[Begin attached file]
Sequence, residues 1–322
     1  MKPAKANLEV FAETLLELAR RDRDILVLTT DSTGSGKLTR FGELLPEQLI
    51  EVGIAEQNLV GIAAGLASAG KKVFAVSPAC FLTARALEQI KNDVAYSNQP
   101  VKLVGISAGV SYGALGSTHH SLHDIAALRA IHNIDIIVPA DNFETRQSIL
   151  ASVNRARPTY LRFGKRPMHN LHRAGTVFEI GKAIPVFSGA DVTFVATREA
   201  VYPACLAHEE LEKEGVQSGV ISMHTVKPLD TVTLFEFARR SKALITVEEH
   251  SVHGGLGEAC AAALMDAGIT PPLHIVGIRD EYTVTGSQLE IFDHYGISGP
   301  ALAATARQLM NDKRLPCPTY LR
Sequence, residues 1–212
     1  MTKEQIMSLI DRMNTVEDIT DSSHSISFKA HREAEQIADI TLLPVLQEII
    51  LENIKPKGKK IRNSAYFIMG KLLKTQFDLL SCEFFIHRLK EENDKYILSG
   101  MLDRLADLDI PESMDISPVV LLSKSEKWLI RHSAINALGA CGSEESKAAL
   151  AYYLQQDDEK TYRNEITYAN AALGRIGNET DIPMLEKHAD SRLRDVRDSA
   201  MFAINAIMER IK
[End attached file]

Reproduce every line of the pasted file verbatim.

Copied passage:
Sequence, residues 1–322
     1  MKPAKANLEV FAETLLELAR RDRDILVLTT DSTGSGKLTR FGELLPEQLI
    51  EVGIAEQNLV GIAAGLASAG KKVFAVSPAC FLTARALEQI KNDVAYSNQP
   101  VKLVGISAGV SYGALGSTHH SLHDIAALRA IHNIDIIVPA DNFETRQSIL
   151  ASVNRARPTY LRFGKRPMHN LHRAGTVFEI GKAIPVFSGA DVTFVATREA
   201  VYPACLAHEE LEKEGVQSGV ISMHTVKPLD TVTLFEFARR SKALITVEEH
   251  SVHGGLGEAC AAALMDAGIT PPLHIVGIRD EYTVTGSQLE IFDHYGISGP
   301  ALAATARQLM NDKRLPCPTY LR
Sequence, residues 1–212
     1  MTKEQIMSLI DRMNTVEDIT DSSHSISFKA HREAEQIADI TLLPVLQEII
    51  LENIKPKGKK IRNSAYFIMG KLLKTQFDLL SCEFFIHRLK EENDKYILSG
   101  MLDRLADLDI PESMDISPVV LLSKSEKWLI RHSAINALGA CGSEESKAAL
   151  AYYLQQDDEK TYRNEITYAN AALGRIGNET DIPMLEKHAD SRLRDVRDSA
   201  MFAINAIMER IK